LES International: Annual Report 2005

The Licensing Executives Society Report for 2005 was published yesterday. I was pleased to see that GB and Ireland were still the largest branch in Europe with 633 members though we are only a notch ahead of Germany with 618 and their membership is increasing while ours is falling. Japan has overtaken us for second place in the world.

Financially, the LES worldwide is healthy enough with a substantial surplus of income. I noticed some interesting new committees in which I hope to get involved such as dispute resolution and industry university liaison.

An interesting new initiative is a task force on SME (small medium enterprises) which is considering new programmes aimed specifically at attracting new members.

The LES has changed a lot in the 20 years that I have been a member. When I joined it was a good mix of entrepreneurs, innovators and professionals. Nowadays, it is made up almost entirely of professionals. The most active branch when I joined was in Manchester. It was run by a remarkable man called Eddie Duff who used to work for VUMAN (the Victoria University of Manchester). We had some really good seminars. I remember debating with Henry Carr (now a silk) and Richard Sutton of Dibb Lupton on whether there was any need for specialist IP counsel outside London which provided excellent insight into Mancunian psychology.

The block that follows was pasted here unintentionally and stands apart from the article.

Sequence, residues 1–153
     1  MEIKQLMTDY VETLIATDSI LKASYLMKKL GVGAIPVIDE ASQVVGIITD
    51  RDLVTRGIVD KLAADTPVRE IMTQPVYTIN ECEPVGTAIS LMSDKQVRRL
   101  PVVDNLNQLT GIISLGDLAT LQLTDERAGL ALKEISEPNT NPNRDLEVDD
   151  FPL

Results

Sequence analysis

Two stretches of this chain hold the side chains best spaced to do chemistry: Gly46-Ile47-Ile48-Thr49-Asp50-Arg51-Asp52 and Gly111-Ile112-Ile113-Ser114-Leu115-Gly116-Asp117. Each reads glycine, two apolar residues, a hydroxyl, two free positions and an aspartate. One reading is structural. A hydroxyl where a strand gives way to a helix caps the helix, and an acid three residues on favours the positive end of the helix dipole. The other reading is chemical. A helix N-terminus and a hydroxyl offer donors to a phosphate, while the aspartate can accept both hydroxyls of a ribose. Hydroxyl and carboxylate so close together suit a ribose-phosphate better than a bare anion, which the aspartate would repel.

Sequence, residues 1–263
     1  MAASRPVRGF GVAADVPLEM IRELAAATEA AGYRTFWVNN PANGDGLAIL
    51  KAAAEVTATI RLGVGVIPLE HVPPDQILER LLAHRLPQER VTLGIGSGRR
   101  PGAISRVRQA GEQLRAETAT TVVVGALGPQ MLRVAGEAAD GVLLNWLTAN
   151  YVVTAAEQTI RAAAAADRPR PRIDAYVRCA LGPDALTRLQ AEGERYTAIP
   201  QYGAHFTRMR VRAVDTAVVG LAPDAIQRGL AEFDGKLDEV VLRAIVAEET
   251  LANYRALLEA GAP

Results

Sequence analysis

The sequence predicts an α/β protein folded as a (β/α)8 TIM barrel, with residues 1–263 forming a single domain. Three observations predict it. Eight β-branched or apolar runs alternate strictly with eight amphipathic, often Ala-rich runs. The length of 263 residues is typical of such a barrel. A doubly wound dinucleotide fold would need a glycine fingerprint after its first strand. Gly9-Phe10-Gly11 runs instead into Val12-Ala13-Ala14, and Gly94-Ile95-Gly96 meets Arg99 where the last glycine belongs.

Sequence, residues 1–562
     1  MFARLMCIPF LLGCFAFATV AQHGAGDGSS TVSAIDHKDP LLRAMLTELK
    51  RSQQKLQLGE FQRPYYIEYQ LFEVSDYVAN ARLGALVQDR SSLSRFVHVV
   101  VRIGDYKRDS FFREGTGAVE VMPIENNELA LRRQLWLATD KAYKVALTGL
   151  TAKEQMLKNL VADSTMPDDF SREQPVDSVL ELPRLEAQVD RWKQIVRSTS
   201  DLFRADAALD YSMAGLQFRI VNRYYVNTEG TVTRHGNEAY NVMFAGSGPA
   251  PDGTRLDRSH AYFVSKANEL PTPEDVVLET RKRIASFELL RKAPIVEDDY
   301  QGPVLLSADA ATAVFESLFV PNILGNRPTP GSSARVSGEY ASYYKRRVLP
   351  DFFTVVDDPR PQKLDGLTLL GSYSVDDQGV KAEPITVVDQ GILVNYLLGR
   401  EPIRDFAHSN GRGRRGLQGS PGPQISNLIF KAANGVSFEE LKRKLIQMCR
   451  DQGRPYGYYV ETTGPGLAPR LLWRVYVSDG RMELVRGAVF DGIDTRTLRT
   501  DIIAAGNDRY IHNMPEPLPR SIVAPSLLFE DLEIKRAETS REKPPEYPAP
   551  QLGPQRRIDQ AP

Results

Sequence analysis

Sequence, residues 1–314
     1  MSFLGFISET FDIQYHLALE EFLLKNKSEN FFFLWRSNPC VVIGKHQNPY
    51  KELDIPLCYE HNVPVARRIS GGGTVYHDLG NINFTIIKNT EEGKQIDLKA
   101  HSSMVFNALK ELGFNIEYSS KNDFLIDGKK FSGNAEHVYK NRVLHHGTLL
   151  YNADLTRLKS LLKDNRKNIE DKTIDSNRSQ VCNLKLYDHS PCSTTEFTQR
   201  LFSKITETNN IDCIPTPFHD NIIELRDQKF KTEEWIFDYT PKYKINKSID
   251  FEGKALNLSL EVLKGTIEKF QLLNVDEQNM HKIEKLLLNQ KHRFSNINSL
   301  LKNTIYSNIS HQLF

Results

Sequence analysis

The Manchester branch has never been the same since Eddie retired. It now appears to be reduced to running repeats like the BBC in summer. Liz Ward however is putting on some really good events in Leeds. There are also a lot of tempting events in Scotland.


About Jane Lambert

I am a barrister specializing in intellectual property, technology, media and entertainment and competition law. I specialize in helping SME (small and medium enterprises) protect and exploit their investment in brands, design, technology and the arts. SME require intellectual property (legal protection for their intellectual assets) at least as much as big business but their limited means restrict the way they can use it. Looking after such clients wisely requires skills and knowledge which have taken me years to learn.
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